Historically, the bulk of Iraq’s oil revenues are distributed along ethno-sectarian and tribal allegiances, as opposed to inclusive and growth-oriented economic policies, to preserve the ruling class power and maintain loyalties among its favored constituents. Consequently, giving rise to a wealthy and influential — religiously and politically — elite class .

“By 2012, surplus oil production capacity could entirely disappear, and as early as 2015, the shortfall in output could reach nearly 10 million barrels per day,” according to report from the US Joint Forces Command

Given Iraq’s proven oil and gas reserves, 115 billion barrels of oil and 112 trillion cubic feet of gas,  and current Peak Oil as result of global markets insatiable appetite for energy resources e.g., U.S., China, and India. Iraq is strategically positioned  as ever before to lead the oil market and bring immeasurable inflow of petro-dollars –commensurate with its colossal  reserves– that can be used to fund its impending multi-billion dollar mega-reconstruction projects (e.g., houses, roads, hospitals, bridges, airports, schools, dams, etc) and, ultimately, lift millions of Iraqis out of poverty in a country where over 20 per cent of the population still live below the poverty line.

To this end, Iraq needs to institute an independent and inclusive  Petroleum Council — reflecting  the geographic distribution of Iraq’s energy resources — that is responsible for formulating oil strategies, deflecting the politicization of the oil sector, enforcing transparency and accountability as bulwarks against corruption , and robust enough to reign SOC, NOC, and IOCs. Furthermore, Iraq can draw on other resource-rich nations’ experiences in coping with the resource curse phenomenon e.g., Canada, Norway, and UAE. Also, Iraq needs to tap into its  expatriates’ knowledge and expertise such as Mr. Farouk al-Kasim who helped Norway established its successful and prosperous oil industry.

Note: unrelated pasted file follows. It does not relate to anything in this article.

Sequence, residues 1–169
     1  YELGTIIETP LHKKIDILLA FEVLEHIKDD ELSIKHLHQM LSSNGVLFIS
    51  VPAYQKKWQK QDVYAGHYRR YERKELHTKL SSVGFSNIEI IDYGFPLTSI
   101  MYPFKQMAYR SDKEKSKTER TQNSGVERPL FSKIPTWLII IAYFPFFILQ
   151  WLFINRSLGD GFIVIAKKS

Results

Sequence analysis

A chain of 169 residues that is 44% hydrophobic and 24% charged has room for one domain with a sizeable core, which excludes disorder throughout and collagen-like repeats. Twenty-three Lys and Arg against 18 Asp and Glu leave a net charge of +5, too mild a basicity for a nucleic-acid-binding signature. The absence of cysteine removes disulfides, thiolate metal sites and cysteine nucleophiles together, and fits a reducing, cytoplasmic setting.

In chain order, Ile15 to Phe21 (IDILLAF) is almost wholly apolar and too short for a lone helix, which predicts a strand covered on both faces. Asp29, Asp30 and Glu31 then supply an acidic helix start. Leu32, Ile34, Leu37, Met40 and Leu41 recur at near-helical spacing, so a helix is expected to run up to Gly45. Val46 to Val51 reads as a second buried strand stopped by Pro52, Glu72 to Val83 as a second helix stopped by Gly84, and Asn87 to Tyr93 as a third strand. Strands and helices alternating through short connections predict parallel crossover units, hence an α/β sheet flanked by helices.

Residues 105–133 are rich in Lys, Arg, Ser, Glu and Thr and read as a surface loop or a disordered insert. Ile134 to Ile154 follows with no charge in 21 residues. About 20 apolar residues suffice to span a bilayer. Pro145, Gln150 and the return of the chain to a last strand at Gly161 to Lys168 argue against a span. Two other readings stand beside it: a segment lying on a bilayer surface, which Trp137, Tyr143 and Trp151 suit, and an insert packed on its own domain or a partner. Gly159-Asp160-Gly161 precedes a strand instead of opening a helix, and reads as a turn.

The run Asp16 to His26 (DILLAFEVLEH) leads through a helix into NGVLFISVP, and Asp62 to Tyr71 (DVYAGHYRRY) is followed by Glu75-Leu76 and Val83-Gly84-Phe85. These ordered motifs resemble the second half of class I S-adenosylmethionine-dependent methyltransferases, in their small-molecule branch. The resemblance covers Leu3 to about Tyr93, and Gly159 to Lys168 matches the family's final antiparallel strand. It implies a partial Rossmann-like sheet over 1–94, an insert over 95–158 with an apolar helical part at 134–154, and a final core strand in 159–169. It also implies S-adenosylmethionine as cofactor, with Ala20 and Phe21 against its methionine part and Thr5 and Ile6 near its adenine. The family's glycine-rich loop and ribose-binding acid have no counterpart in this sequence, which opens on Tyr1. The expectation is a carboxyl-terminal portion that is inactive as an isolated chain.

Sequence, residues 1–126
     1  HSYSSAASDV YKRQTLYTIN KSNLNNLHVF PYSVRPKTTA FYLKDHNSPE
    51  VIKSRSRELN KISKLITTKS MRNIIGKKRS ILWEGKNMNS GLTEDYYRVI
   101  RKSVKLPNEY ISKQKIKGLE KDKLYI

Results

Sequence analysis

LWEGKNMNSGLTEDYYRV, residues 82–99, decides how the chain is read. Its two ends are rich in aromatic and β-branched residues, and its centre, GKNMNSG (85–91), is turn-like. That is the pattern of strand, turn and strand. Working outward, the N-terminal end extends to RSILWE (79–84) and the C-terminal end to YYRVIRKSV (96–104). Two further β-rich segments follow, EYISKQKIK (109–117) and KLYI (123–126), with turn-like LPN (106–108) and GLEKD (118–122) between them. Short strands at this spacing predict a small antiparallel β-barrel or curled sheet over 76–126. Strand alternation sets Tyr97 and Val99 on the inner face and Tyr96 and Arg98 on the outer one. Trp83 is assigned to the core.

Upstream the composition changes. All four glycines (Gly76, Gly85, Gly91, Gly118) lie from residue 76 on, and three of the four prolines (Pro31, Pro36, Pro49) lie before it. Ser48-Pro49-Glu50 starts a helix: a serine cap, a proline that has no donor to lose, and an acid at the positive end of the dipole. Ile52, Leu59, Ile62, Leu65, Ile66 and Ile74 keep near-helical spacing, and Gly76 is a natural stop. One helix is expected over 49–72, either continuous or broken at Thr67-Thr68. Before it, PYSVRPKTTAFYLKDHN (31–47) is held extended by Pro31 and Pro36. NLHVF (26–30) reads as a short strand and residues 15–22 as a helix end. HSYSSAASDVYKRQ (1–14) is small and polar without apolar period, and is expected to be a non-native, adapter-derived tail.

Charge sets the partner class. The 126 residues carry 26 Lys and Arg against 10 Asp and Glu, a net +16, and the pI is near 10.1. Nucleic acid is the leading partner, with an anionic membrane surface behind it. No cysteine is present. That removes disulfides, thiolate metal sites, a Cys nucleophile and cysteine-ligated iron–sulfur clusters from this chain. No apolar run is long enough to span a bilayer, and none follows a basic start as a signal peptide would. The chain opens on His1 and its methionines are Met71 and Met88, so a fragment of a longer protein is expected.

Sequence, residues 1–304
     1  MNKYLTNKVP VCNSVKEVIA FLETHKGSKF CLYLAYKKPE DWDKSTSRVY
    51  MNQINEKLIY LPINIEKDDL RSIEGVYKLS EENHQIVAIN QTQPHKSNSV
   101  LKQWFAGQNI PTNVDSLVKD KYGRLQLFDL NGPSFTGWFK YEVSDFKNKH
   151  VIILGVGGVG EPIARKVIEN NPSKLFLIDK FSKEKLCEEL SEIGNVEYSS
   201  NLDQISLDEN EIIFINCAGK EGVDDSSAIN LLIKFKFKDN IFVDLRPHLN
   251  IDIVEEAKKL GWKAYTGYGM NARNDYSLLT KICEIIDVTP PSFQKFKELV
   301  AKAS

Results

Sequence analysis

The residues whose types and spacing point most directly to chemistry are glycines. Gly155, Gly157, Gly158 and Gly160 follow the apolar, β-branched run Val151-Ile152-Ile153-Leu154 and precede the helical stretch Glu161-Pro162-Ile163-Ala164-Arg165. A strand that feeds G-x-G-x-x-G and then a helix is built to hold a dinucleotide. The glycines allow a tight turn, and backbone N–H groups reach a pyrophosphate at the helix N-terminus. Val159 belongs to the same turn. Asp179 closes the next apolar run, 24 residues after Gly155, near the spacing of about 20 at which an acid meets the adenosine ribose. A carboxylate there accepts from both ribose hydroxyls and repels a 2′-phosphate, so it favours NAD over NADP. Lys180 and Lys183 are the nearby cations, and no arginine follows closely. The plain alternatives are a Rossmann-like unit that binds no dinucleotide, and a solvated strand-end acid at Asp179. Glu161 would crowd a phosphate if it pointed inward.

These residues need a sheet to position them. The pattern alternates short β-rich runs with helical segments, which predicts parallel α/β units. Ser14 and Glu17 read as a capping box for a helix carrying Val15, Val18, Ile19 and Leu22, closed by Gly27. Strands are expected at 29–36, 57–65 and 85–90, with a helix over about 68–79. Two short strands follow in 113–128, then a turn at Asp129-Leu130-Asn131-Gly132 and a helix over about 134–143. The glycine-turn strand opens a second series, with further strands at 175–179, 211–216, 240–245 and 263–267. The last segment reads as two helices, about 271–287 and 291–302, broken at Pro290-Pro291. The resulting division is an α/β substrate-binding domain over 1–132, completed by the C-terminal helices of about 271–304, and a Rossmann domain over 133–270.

Inarguably, a genuine national reconciliation is Iraq’s holy grail, in other words, it’s an imperative prerequisite for preserving Iraq’s unity, terrotorial integrity, and political stability. Conversely, lack of a genuine  national reconciliation strategy, strategic foresight, and leadership could easily trigger a resource war, resource-rich nations’ deleterious disease, over Iraq’s black gold. Alas, Iraq and its future generations would have to pay dearly for today’s  injudicious choices , in other words, perpetuating  Iraq’s ethno-sectarian strife, political instability, religious fanaticism, foreign interventions, economic setbacks, enormous debt and, consequently,  undermining the desperately needed investments.   

In sum, “A nation’ s strength ultimately consists in what it can do on its own, and not in what it can borrow from others.” Indira Gandhi.

The opinions expressed here are those of the author, and do not necessarily reflect the views of Iraq Business News.

 

The author, Tariq Abdell, is an Iraq analyst, and Founder & Chairman of Mesopotamia Insight

He can be contacted at: [email protected]

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Followed on twitter: http://www.twitter.com/atariqx

One Response to Iraq’s political sectarianism: National Reconciliation and the Oil Curse

  1. Mohamad Shbaro October 7, 2010 at 11:44 pm #

    Very Well Spoken Tariq, waiting for your next article.